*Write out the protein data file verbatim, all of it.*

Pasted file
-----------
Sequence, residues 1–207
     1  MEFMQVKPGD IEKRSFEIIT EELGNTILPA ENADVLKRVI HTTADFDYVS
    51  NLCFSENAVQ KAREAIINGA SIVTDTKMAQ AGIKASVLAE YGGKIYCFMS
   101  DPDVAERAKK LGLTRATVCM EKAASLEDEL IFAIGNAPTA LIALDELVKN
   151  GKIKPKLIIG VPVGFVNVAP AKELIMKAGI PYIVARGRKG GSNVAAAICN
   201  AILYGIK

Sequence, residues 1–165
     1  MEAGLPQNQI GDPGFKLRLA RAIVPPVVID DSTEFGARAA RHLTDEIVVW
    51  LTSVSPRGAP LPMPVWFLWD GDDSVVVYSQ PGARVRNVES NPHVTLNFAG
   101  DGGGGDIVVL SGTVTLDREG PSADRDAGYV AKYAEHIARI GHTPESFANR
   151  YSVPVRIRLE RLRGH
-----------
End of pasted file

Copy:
Sequence, residues 1–207
     1  MEFMQVKPGD IEKRSFEIIT EELGNTILPA ENADVLKRVI HTTADFDYVS
    51  NLCFSENAVQ KAREAIINGA SIVTDTKMAQ AGIKASVLAE YGGKIYCFMS
   101  DPDVAERAKK LGLTRATVCM EKAASLEDEL IFAIGNAPTA LIALDELVKN
   151  GKIKPKLIIG VPVGFVNVAP AKELIMKAGI PYIVARGRKG GSNVAAAICN
   201  AILYGIK

Sequence, residues 1–165
     1  MEAGLPQNQI GDPGFKLRLA RAIVPPVVID DSTEFGARAA RHLTDEIVVW
    51  LTSVSPRGAP LPMPVWFLWD GDDSVVVYSQ PGARVRNVES NPHVTLNFAG
   101  DGGGGDIVVL SGTVTLDREG PSADRDAGYV AKYAEHIARI GHTPESFANR
   151  YSVPVRIRLE RLRGH